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The Cultures of Caribbean

The Caribbean culture was made up of a group of people who inhabited the Lesser Antilles, according to roguesinparadise.com, and the Caribs stood out for being Amerindian people with origins in the Caribbean region and the northern coast of South America. The inhabitants lived in separate villages on the islands of Grenada, Tobago, Dominica and Saint Vincent. On the other hand, they also stood out for being great navigators and shipbuilders.

The members of the culture only spoke the language of the Caribs, but other groups allowed women to speak the macro-Arawak language. The Carib groups were concentrated on the coast of Venezuela, Colombia, Guyana and some islands of the Antilles.

Many considered the Caribs as a discrepant and aggressive tribe, their name comes from the word Cariba and shortly after they became known as Arawak, since they gradually adapted to their enemies and to the consumption of human flesh. They were also known as caríbales, which was the mother of other languages.

History of caribbean culture

The Caribbean culture stood out for having two important stages during the course of history:


The main characteristic of the culture was the expansionist nature, the groups covered territories from the Amazon to the Andes. They crossed the Orinoco River reaching the jungle, they crossed territories of Guyana and some of Brazil. Some tribes such as Carijonas, Mocoas, Chaparros, Caratos, Parisis, Yuma, Palmella, etc. also stood out among them.

Much of the expansionism took place in AD 1200, in northern Colombia and Venezuela, as well as Cuba and Hispaniola. They also invaded the territory of Trinidad and Tobago, Grenada, Dominica, and the Grenadines, displacing the Taino. Later, they managed to invade Puerto Rico.


Once America was discovered by Christopher Columbus, conflicts began between the Lesser Antilles and the Spanish. But to the surprise of many, the lands were conquered by the English and French. In 1660, an agreement is signed with the indigenous people, deporting them from the Lesser Antilles. However, the agreement was violated and the English managed to gain access to the territory of the islands, around 1763.

In Saint Vincent, after the miscegenation between Caribs and African slaves, the so-called Garífunas or Black Caribs were born. But they were deported by the English around 1795 to Honduras, and today we can still find them in this territory. In turn, in Guadeloupe other groups could also be found until the end of the 19th century.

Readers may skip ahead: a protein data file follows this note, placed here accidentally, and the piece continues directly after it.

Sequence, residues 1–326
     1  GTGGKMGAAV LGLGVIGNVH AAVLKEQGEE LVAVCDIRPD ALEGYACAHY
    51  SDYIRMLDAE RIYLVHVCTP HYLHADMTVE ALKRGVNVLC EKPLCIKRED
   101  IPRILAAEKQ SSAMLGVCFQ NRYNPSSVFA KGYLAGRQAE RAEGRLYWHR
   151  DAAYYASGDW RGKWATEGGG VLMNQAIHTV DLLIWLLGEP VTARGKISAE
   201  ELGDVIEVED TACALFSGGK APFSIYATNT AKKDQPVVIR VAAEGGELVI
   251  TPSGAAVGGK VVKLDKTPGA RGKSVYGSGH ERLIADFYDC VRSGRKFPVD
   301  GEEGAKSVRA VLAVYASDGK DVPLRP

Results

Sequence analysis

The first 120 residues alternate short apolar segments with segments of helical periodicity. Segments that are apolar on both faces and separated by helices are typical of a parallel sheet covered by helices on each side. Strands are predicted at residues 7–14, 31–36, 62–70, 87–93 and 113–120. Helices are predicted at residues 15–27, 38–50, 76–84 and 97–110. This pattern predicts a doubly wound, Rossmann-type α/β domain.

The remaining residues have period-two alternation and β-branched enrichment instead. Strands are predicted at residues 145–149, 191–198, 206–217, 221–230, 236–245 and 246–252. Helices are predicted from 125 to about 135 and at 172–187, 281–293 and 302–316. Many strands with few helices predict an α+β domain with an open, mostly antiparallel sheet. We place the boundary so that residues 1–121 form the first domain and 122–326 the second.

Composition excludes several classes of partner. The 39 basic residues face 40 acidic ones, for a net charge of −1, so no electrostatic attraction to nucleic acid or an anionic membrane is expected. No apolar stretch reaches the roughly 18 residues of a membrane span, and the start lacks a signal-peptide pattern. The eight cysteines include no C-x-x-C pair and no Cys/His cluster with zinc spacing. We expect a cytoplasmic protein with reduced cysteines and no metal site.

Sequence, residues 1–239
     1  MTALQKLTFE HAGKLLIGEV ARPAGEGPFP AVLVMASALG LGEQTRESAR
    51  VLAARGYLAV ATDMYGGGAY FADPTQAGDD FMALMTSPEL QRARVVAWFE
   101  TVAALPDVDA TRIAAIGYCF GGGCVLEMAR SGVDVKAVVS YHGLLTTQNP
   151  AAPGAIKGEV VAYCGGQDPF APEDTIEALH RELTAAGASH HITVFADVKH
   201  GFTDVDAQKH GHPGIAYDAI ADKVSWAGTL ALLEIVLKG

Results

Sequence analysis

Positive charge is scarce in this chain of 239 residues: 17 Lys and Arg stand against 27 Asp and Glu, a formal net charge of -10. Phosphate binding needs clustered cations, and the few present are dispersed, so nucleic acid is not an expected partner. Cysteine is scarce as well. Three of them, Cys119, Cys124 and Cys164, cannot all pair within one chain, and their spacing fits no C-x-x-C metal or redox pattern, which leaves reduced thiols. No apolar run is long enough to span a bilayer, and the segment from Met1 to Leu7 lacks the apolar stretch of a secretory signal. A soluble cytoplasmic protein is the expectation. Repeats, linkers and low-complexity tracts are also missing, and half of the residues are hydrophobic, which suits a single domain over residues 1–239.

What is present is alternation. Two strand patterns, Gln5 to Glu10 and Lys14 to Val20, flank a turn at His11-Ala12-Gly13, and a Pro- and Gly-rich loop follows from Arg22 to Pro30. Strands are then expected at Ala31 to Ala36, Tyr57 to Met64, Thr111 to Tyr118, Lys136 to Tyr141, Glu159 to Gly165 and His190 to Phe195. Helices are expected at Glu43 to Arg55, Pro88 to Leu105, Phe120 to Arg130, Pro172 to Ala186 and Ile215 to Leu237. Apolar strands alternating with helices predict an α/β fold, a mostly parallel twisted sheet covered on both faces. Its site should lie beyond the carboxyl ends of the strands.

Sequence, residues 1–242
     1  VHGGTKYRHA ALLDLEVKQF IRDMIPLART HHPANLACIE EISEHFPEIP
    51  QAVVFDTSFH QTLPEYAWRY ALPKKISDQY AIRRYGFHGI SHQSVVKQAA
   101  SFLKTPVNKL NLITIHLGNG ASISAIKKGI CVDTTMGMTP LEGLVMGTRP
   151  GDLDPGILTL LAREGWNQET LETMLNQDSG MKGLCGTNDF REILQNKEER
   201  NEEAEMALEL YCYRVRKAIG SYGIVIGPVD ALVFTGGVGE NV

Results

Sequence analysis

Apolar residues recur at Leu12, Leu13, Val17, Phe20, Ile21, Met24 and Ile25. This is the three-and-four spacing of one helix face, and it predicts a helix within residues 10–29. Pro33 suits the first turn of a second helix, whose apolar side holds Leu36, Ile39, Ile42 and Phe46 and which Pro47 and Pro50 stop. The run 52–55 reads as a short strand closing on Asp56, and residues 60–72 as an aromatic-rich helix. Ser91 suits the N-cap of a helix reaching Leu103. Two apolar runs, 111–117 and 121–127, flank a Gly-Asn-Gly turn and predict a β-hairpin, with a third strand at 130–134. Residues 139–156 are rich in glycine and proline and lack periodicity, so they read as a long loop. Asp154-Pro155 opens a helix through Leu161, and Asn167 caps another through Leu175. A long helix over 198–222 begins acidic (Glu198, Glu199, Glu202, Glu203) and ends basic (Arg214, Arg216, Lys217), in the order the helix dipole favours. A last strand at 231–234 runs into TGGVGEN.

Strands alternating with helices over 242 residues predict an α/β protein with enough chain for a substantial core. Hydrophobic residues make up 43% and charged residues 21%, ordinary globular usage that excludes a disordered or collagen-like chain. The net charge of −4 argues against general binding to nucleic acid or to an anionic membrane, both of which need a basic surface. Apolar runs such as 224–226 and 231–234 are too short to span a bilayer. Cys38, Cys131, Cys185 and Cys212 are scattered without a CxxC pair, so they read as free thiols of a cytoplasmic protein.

Highlights of Caribbean culture

Among some characteristics that we can find of the Caribbean culture, are the following:

Social organization

The Caribbean culture was made up of family clans, and each of them had a link. The maternal caste was the one that predominated, but it was the men who dominated in family life. The houses were built with materials of wood, palm leaf or cane.

Economic activity

In general terms, the culture was dedicated to hunting, fishing, gathering and trading. Since they were very close to the rivers and oceans, they were able to carry out various fishing activities as their main source of food. For this reason, they had to develop various conservation techniques such as smoking, drying and salting.

Body paint

They were characterized by making body designs with paintings made of plant origin to distinguish each family and ethnic group. On their faces they drew the animal or the name of the family to which they belonged.


The Caribs were feared by other groups and were the main nightmare of the Spanish, since they used to practice cannibalism. Although many researchers have disputed this point, it was their custom to prey on the enemy, and not necessarily to satisfy their hunger.


In the religious sphere, the Caribs practiced ancestor worship. On the other hand, the main function of the shamans or buyeis was to treat the sick with herbs or spells. They believed in the Maybouya spirit, which was appeased by the buyeis, to prevent evil from spreading. When religious ceremonies were performed, they smoked tobacco and performed human sacrifices.

Caribbean culture in Colombia and Venezuela

The Caribbean culture spread to the north of Colombia. In general, they inhabited the coasts and the plains of the rivers.

The tribes managed to stand out in Colombian territory were:

  • Muzos, scattered along the Magdalena, Sogamoso, Ermitaño and Suárez rivers.
  • Pijaos, they inhabited what is now the territory of Tolima and Caldas.
  • Panches, distributed in the Negros, Guarimó, Coello and Fusagasugá rivers.
  • Quimbaya, located in Quindío.
  • Motilones, can still be found on the banks of the Catatumbo River in northern Santander.

A large part of the Carib groups stood out for being nomads, forming some tribes located in the Antilles while the Quimbayas were sedentary and achieved numerous advances in terms of ceramics and goldsmith techniques. On the other hand, the pijaos, panches and muzos also stood out for doing similar jobs, but they stood out more for preparing poison.

In general, they were naked and the men covered themselves with loincloths and women with skirts made of cotton. Both genders also used to cover their bodies with paint.

In Venezuela, the Carib groups were distributed throughout the northern coastal and mountainous region of the country, from the Gulf of Paria to Yaracuy, as well as moving to Lake Maracaibo and the limits of the Orinoco River. They displaced the Arawaks to the west of the country.